Class Series 1 Episode 3 Review – Nightvisiting

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Nightvisiting went above and beyond, grounding the story quite heavily with its core characters. In an impressive break from the norm, Class focused here on an aspect of grief which isn’t typically considered: anger. More specifically, though, that’s anger at the deceased; Tanya (Vivian Oparah) ultimately defeats the Lankin because of her anger directed at her late father. It’s a very clever take on matters, which allows Nightvisiting to give a very nuanced and subtle take on the grieving process – the anger at those who have died is something which isn’t discussed very often, perhaps out of guilt, but it’s a facet of mourning which is unavoidable. In juxtaposing Tanya’s anger at her father with a very clear love for him, Patrick Ness weaves a very subtle, yet very true, picture of loss, which is portrayed fantastically by Vivian Oparah.

Another strong early episode, with a great performance from Vivian Oparah.

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Just a Girl, CBBC’s brilliant new transgender radio show for children, deserves to be a full television series

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First and foremost, I really would recommend giving it a watch if you haven’t already – it honestly is a very good programme. Just a Girl is astonishingly sweet and heartwarming, and it’s a very well written coming of age story; it does a great job of capturing those complicated and idiosyncratic feelings of starting a new school, and I really think that a lot of CBBC’s core audience would be able to relate to it. Further, it quite deftly handles the matter of transgender issues, and does so in a way that’s well pitched towards young children. Indeed, if any parents or teachers are reading this article, I think that Just a Girl would be a brilliant resource to show to children as a springboard to discuss trans issues, either at home or in school.

So, I heard about this a couple of weeks ago, largely because The Daily Mail were kicking up a fuss about it. Naturally, I then watched it and thought it was brilliant – but I was, admittedly, a little disappointed when I realised I’d misunderstood what exactly it was, and that it was a radio show rather than a television programme. Still, though – it’s a pretty cool piece of work, and it’s one that deserves a much larger audience than it’s currently had.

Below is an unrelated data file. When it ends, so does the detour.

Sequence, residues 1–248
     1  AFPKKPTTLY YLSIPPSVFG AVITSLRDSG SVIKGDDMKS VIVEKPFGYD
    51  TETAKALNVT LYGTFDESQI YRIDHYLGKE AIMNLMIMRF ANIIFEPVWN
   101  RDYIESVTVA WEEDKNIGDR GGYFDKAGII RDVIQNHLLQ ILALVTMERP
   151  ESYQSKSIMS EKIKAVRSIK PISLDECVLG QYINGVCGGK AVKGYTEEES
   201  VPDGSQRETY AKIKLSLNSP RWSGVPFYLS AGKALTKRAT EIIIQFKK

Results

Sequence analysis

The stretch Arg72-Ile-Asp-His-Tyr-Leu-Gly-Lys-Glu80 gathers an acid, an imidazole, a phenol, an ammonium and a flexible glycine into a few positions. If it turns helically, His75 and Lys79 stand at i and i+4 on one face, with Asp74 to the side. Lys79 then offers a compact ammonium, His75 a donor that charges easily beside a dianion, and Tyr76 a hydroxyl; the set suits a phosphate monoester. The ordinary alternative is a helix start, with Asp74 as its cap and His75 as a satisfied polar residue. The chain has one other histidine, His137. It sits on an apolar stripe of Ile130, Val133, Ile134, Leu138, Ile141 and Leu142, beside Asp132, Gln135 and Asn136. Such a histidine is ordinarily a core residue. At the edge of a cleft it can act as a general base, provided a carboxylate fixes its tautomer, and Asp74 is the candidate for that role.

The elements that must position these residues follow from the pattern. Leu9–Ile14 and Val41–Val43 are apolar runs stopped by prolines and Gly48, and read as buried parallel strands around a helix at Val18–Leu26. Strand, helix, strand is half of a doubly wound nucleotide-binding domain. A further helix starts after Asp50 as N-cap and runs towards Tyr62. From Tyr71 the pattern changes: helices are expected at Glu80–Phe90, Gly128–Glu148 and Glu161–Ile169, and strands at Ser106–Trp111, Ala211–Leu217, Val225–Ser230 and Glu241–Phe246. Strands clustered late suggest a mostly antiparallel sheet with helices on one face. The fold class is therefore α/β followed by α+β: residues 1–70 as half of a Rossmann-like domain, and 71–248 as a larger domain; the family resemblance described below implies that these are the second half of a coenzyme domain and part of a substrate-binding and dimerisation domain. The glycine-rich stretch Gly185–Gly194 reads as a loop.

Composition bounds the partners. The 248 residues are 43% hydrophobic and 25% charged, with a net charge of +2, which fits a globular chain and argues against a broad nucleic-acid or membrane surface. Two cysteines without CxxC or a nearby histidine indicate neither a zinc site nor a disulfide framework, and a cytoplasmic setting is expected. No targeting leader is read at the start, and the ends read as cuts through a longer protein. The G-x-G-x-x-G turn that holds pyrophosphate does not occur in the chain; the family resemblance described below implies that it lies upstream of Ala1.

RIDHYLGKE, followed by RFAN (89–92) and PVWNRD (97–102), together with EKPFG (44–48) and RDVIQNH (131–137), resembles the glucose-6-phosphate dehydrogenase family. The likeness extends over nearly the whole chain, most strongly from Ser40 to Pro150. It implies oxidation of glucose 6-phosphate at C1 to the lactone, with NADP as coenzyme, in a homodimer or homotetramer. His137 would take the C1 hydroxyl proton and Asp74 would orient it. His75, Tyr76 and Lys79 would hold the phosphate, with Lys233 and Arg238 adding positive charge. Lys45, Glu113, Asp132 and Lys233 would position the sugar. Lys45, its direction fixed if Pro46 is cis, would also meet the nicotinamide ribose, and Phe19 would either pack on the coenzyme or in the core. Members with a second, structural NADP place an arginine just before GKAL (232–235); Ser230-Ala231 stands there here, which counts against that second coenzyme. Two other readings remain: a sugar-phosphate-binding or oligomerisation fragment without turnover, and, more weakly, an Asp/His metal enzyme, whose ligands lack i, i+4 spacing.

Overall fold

(A note: I suspect some of the above is clunky – most obviously the title, which I remember deliberating over a lot, and I’m still not convinced I got it quite right. If there’s anything egregious, or anything minor, you think should be changed, please let me know in the comments.)

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Bryan Fuller’s exit from Star Trek represents a move away from auteur-led television

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Ultimately, then, there’s no reason to believe that this won’t be, broadly speaking, the same show we were promised at Comic Con, and as part of all the subsequent announcements. And yet, at the same time, there’s something astonishingly disappointing about Bryan Fuller’s departure from Star Trek.

Part of the reason why I was so excited about this new show was because of Bryan Fuller’s involvement; it elevated Discovery to more than just the latest Star Trek show, but something special in its own right. Because Bryan Fuller is a writer at the top of his game, who’s widely renowned for his unique creative vision – consider the artistry of Hannibal, for example – and I couldn’t wait to see him apply this to Star Trek, a programme that he holds a lifelong passion for and an innate understanding of.

My reaction from a few weeks ago regarding Bryan Fuller’s exit from Star Trek: Discovery. I am, I must admit, astonishingly disappointed.

(With hindsight, I suspect this is not a very good article. If nothing else, I am now waaaay less into the whole auteur thing than I was then; really, I didn’t even believe it anymore by the 31st.)

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